The fellowship hall at my church was the last place I expected to be one Sunday night several years ago. We were meeting there instead of in the sanctuary to grieve and process the suicide of a teen in our church family. As a teacher and a school administrator, I had been part of grieving communities before, but this was different: A son of my own church gone way too early. The leader of the session was from Pine Rest, a local mental health services organization, and he was there not only to help us process the loss but also to tell us about the Church Assistance Program. This program allows any congregation member to get counseling, three sessions per incident, for free anytime through Pine Rest. My church signed up in response to the tragic death. I wondered, What would a school with the same program look like? I approached the leader and asked, “Have you ever thought of doing this with schools?” A year later he called and said they had created a new program called the Student Assistance Program and wondered if we wanted to join. We did, and it is changing how we teach self-care, how we care for student mental-health issues, and how we discipline, all while contributing to a more positive school culture.
Christian communities often have stigma attached to caring for metal health, and introducing this program allows us a way to talk to kids about how to care for themselves.
The program is easy to set up and use. Annually, we report the number of staff and enrolled families to Pine Rest, and for a small fee per family, we have access to the counseling services, two educational events, emergency response services, and the Pine Rest mental health website. When a student needs mental health services that are beyond the scope of our own school counselors, they call Pine Rest and report that they are a part of our group. They are asked for insurance information so that if counseling goes beyond the three meetings, the services are covered. After that they are matched with a counselor who is an expert in their needs and can attend three sessions for free. Many of the issues that present themselves are resolved in those three sessions, so the free plan is very helpful. All students, staff, and their families are covered by the program, so it extends well beyond the students in our building, providing a comprehensive resource for the community. While our school never receives information about who gets help, we do get a quarterly report of how many people used the services. This data allows us to see trends and make informed decisions about future training for teachers and students.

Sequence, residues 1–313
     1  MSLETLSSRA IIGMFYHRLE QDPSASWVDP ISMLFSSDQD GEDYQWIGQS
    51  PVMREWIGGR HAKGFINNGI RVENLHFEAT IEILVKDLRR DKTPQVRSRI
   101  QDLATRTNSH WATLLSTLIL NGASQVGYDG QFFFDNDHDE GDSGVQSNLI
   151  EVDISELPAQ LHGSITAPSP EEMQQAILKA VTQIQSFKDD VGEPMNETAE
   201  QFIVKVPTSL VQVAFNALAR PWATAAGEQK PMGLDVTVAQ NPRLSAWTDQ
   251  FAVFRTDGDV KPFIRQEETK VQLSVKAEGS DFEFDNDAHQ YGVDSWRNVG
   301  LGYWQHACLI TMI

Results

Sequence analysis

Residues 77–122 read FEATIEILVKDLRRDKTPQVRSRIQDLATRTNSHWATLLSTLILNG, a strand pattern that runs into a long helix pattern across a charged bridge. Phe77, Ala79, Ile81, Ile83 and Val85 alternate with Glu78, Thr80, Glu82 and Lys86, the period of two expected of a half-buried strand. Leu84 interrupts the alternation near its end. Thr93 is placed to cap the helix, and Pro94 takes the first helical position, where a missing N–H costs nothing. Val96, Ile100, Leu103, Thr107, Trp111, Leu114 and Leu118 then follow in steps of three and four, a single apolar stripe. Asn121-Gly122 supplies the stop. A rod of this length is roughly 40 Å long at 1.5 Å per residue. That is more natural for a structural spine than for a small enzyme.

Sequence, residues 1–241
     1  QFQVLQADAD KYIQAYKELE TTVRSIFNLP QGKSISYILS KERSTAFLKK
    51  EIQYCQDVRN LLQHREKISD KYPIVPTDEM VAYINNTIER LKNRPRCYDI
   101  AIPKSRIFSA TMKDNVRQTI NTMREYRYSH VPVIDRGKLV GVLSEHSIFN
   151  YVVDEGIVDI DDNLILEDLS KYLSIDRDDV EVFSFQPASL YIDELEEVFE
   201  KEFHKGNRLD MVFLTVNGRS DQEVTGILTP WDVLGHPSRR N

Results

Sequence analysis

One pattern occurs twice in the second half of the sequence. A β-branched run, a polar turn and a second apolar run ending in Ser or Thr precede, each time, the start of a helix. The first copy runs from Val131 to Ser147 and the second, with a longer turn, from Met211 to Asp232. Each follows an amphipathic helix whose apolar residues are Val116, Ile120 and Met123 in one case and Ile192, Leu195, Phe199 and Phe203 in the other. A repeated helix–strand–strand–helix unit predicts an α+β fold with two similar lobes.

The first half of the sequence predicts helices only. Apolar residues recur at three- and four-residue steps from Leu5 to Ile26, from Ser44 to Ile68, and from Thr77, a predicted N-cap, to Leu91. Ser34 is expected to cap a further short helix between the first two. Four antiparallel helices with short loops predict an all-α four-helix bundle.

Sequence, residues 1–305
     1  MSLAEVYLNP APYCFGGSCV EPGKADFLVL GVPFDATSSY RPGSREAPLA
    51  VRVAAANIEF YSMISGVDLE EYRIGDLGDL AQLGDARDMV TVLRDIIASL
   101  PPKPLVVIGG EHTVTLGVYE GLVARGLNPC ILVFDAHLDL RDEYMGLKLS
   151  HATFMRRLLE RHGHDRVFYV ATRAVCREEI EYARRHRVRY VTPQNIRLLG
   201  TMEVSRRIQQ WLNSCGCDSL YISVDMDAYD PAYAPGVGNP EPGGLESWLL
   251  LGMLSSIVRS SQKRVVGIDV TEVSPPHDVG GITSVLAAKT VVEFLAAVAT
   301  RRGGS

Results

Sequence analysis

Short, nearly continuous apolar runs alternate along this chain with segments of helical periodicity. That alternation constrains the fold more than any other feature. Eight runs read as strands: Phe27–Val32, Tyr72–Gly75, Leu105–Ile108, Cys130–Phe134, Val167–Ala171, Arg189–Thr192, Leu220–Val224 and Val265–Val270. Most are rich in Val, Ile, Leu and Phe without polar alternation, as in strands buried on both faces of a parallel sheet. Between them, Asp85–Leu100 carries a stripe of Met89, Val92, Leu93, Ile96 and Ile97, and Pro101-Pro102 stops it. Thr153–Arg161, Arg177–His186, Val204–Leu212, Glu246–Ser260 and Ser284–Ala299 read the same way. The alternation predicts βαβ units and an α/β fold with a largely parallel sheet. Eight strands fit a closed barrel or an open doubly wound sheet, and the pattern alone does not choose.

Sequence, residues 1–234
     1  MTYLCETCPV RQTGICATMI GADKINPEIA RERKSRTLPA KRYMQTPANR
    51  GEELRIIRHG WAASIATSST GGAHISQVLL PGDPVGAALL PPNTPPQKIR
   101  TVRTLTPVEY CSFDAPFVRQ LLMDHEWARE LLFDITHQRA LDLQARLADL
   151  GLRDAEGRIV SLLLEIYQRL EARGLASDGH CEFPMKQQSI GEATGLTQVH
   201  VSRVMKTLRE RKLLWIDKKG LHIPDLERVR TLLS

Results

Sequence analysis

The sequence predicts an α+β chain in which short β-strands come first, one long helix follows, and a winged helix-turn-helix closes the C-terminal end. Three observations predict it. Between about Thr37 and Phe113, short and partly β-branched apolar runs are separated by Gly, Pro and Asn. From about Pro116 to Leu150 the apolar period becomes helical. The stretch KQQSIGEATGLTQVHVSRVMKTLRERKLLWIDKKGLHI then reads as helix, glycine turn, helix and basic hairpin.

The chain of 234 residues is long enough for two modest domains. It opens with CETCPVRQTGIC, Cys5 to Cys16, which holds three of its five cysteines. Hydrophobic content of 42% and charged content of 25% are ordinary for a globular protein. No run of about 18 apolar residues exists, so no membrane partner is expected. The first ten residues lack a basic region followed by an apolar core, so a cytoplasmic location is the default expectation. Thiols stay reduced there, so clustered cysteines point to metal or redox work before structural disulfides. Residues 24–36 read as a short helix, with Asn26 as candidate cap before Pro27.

Joining the Student Assistance Program changed how we talk about mental health at South Christian. It has freed us to normalize mental-health issues and to discuss how working on them is important and valuable. Christian communities often have stigma attached to caring for metal health, and introducing this program allows us a way to talk to kids about how to care for themselves. This is reinforced in our health classes, which make use of Pine Rest’s website. The website has vetted and researched advice on all areas of health that students and families can access. It also allows us to offer mental-health training for our teachers and students. We have done suicide awareness sessions with our student body and anxiety training for teachers through the program. Slowly, we are removing the stigma of caring for mental health that was prevalent before using the program.
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Jim Peterson is the head of school at South Christian High School in Byron Center, Michigan. He also serves as a school designer for Teaching for Transformation with CACE, the Center for Advancement of Christian Education. He was a science and math teacher, a technology coordinator, a district administrator, and a camp director before his current role. He and his wife, Rebecca, have four children and a grandson.